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Against class A treatment of no more



Rok publikování 2020
Druh Další prezentace na konferencích
Fakulta / Pracoviště MU

Filozofická fakulta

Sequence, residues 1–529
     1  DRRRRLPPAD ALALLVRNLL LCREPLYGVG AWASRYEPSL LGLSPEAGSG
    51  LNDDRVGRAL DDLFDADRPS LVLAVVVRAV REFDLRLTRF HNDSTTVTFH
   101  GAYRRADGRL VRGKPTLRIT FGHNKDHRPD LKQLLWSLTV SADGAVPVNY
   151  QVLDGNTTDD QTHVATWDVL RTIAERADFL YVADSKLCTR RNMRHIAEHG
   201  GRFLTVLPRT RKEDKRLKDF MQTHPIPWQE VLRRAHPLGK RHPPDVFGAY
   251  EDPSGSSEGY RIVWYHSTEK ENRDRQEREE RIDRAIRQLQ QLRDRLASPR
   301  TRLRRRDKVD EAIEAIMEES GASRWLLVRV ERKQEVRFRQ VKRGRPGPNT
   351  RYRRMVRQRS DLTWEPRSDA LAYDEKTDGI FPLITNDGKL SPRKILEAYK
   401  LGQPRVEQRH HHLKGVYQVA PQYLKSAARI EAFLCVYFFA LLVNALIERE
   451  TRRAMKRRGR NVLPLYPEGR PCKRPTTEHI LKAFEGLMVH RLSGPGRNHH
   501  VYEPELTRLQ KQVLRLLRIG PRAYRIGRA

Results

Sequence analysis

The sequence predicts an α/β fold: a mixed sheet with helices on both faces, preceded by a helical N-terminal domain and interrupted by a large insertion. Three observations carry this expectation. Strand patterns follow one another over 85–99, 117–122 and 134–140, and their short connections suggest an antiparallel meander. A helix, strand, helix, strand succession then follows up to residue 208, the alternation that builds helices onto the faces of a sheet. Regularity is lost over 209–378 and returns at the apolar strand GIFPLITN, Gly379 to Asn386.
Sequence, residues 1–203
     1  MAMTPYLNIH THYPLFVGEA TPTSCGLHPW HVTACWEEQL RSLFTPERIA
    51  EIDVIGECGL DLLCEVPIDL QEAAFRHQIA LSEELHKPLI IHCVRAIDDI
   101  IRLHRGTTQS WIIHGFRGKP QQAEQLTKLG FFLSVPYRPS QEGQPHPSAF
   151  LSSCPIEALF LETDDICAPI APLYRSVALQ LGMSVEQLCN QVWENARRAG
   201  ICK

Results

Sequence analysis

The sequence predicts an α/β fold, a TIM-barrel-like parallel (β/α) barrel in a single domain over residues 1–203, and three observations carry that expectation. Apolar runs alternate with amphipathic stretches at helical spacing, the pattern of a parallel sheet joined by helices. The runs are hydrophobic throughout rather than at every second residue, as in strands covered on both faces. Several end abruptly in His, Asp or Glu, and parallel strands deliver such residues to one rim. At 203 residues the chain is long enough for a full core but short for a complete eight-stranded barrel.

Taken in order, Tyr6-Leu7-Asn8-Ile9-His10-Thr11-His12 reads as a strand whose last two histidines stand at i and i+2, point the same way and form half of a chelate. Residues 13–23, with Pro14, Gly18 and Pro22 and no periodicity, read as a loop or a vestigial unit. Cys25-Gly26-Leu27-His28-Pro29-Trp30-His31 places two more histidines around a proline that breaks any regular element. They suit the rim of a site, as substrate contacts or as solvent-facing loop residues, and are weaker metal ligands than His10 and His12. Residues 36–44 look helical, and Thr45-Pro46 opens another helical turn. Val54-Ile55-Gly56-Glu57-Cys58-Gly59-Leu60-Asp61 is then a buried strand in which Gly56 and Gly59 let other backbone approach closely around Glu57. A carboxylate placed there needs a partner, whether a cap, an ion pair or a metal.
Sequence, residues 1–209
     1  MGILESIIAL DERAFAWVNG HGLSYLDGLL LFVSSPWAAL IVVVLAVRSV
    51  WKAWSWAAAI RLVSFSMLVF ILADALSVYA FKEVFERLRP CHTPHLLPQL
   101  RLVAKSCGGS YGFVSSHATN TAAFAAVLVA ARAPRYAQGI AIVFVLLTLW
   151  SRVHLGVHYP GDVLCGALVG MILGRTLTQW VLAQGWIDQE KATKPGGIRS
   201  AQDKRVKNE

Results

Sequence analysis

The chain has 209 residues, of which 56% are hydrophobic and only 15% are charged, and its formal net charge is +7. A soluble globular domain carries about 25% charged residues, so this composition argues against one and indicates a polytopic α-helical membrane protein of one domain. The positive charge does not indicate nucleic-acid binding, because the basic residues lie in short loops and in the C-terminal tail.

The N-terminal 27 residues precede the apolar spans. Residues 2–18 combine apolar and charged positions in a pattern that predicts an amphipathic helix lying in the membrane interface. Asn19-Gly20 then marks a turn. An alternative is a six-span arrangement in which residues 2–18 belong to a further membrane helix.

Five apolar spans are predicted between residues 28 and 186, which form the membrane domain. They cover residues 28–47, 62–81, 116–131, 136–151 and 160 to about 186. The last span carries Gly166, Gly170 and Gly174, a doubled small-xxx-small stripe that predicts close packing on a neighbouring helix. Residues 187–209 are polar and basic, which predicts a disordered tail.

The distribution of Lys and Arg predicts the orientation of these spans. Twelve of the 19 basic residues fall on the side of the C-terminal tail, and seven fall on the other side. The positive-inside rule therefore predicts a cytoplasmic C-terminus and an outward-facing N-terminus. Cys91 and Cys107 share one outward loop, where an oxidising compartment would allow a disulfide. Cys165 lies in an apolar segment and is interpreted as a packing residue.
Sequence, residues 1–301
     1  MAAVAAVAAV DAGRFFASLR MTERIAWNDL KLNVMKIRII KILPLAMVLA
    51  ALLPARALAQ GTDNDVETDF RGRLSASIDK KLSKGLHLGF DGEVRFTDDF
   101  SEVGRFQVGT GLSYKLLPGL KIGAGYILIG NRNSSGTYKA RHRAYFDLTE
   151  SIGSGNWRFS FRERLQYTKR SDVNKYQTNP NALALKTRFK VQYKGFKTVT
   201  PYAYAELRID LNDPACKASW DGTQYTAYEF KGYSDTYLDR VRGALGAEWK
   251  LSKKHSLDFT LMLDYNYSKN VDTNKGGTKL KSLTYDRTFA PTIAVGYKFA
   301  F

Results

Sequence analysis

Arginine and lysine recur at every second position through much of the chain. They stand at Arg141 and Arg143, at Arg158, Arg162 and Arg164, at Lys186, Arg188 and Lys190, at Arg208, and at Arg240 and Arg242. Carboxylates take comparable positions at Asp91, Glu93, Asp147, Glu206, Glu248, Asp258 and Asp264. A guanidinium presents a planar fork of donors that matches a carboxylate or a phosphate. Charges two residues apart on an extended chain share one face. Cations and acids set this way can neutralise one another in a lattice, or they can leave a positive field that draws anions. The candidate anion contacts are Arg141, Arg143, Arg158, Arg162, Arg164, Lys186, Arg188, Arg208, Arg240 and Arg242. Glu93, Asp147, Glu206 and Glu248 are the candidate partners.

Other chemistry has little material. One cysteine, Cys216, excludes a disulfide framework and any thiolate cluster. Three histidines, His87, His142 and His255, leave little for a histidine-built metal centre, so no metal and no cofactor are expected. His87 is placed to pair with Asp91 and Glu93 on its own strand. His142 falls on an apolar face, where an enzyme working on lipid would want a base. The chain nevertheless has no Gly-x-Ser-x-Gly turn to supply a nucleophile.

Popis Previous research on modified numerals established some widely accepted contrasts between comparative modifiers (CM) and superlative modifiers (SM) (see \citealt{buring_least_2008,geurts_at_2007,nouwen_modified_2015,mayr_implicatures_2013,schwarz_consistency_2016} a.o.), such as: (i) CM don't but SM do give raise to obligatory ignorance implicatures; (ii) CM can scope over or under existential modals (EM) but SM have to outscope them. A \textit{no more than Num} construction (NMC), where negation and comparison are combined in a way exemplified by an English sentence \Next from \cite{nouwen_upper-bounded_2008}, to this day the most developed formal treatment of NMC, is then claimed to allow both scopes w.r.t. EM (\citealt{nouwen_upper-bounded_2008}) and to have scalar bounding inference, signalling speaker's well-informedness (ibid), since English \textit{no more} construction (unlike class B modifiers) give raise to equality readings like (=50) for \Next. Such claims seem to be supported by the comparative morphology of NMC. I bring new experimental and corpus evidence against both claims, showing that (cross-linguistically) (i) NMC can be interpreted only with wider scope then EM; (ii) NMC is compatible (mostly) only with speaker's insecurity (or so-called variation) readings as SM. The experimental and corpus evidence comes from Czech as it was observed before that Slavic languages (unlike English) generally don't support speaker's well-informedness NMC interpretation.
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